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The High Costs of Hospitalists

October 9, 2017

Hospitalists, doctors who only see patients in the hospital, almost always in a shift work model, are the fastest growing “specialty” in medicine, from nothing about 15 years ago to about 50,000 today. There were some studies that I won’t review much here that showed some benefits from hospitalists compared to “usual care” in highly controlled environments, outcomes such as a 0.4 day decrease in length of stay with no reported increase in the readmission rate. Of course, these studies were all conducted within the environment of a screwed up payment system.

I think most family physicians would agree that the reality on the front lines falls well short of the results of the controlled experiments. There is rarely continuity in the hospital, with patients often seeing 3+ different hospitalists on the same admission. Communication by the hospitalists with the patients’ personal family physician is almost non-existent. But because of the screwed up primary care payment system, many family physicians have given up hospital work for economic and many other reasons, so hospitalists have filled the void, often with the explicit support of hospital administrators.

A report in The Hospitalist shows how much hospital administrators are spending to maintain some level of control over the hospitalist groups, and also how screwed up the AMA’s CPT coding system is, and how screwed up the CMS Evaluation and Management rules and fee schedules are. I leave it to each reader to determine the contributing ratios for each agency. The report estimates that the average hospitalist income must be subsidized by $157,500 per doctor per year more than what they bill and collect using the current CPT/CMS codes and fee structure. Median total compensation was reported to be $278,746, which for the non-physicians reading this is more than family physicians make, but less than most of the ologists.

I still believe that patients would really like to see their personal family physicians when they are scared, vulnerable, and hospitalized. Because of the payment system that is biased towards procedures over thinking work, private family physicians have largely abandoned seeing their own patients in the hospital. This leads to poorer care that is more fragmented and more expensive. There is evidence that the most comprehensive family physicians deliver the lowest care per patient per year, and seeing patients in the hospital and doing hospital procedures are a big reason for this outcome. It’s time the payment system respected and rewarded this work.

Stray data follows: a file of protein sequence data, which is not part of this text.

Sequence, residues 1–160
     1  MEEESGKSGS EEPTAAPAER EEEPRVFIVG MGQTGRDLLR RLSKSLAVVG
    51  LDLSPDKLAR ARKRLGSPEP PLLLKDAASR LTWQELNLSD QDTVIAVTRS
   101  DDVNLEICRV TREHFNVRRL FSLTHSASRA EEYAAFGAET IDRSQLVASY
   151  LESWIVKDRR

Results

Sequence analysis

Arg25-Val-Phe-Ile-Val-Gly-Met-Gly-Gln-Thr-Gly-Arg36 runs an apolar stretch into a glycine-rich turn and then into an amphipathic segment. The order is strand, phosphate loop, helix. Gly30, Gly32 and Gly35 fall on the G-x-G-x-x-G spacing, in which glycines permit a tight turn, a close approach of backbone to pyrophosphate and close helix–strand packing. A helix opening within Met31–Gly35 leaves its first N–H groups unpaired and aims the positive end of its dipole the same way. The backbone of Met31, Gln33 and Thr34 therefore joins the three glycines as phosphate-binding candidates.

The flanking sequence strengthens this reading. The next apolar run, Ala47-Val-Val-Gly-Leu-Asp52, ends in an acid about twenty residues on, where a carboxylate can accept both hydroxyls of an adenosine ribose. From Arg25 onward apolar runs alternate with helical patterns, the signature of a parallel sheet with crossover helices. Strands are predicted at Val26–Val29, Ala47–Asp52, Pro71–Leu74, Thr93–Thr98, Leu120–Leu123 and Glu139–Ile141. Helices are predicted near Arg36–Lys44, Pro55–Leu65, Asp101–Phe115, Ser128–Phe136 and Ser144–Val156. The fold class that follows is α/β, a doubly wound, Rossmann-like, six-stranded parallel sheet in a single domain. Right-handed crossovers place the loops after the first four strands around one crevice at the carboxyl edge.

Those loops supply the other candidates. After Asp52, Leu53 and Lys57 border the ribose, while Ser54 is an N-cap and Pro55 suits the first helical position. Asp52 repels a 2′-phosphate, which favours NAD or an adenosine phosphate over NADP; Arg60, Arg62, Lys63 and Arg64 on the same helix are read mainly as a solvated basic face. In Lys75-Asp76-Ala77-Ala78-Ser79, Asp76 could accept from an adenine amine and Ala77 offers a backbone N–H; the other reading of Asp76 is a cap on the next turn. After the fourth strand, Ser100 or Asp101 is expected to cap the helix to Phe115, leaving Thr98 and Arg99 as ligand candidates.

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3 Responses to The High Costs of Hospitalists

  1. David Hanson on October 9, 2017 at 11:01 pm

    I think that hospitalists may increase the cost of care due to the hospital benefiting. I was in intensive care in November 2013 and then again a month later in December 2013. Both were because of a chronic subdural hematoma caused by a blow to my head during a fall. The first time I was admitted through the emergency room and I had short visits by several doctors all 3 days I was in the ICU – hospitalist, pulmonologist, and cardiologist each day – the hospitalist came more often. My insurance was billed for each of these visits. The second time I was admitted by a neuro-surgeon (same who did surgery the first time). He was the only doctor who visited me each day during the 3 days I was in the ICU this second time. And there were no more multiple charges for hospital ordered doctor visits like the first time.

  2. Michael Wu, MD on October 29, 2017 at 8:27 am

    Thank you Dr. Young for attacking your primary care colleagues working in the hospital setting. Similar to economy tenet stated “self-sufficiency leads to road of poverty”, hospitalists is much needed to share to overall health care burden. Imagining this Dr. Young, where will you be when your patient is much needed to be admitted to the hospital for acute stroke 3am or the middle of the night? where will you be when urgent dialysis is needed and to be coordinated when you have a full busy patient clinic during the day? when is your last time running a code blue and will be available right away when your patient is crashing in the hospital? When is your last time inserting a central line for your septic shock patient going into ARDS? when is your last time managing a ventilator? If your clinic network is linked to hospital network, maybe you will see the discharge summary and hospital performed tests results. I do agree with you our payment system is skewed toward procedures rather than thinking process. Hope your book will sell well…. I think I just waste my time here. It seems you are trying to sell your book here….

    • Richard Young MD on October 29, 2017 at 8:03 pm

      Dr. Wu,

      Thank you for your comments. I’ll answer many of your questions briefly this way. At this moment, I’m covering both the ER and already admitted patients in a U.S. hospital. I also am the attending physician for a hospital inpatient teaching service 4 to 8 weeks a year.

      I’m sorry you took the primary message of the post as an attack on the doctors. I thought it was very clear that the attack was on the screwed up payment system for primary care. If you would like to see the real family medicine heroes in action, those putting in central lines, managing vents, etc., I invite you to spend a weekend in any remote rural town in America. The family physicians provide all these services 24/7, because there is no one else to do it. They do it simply because they are dedicated to their communities. I just want them to be fairly paid for their dedication.

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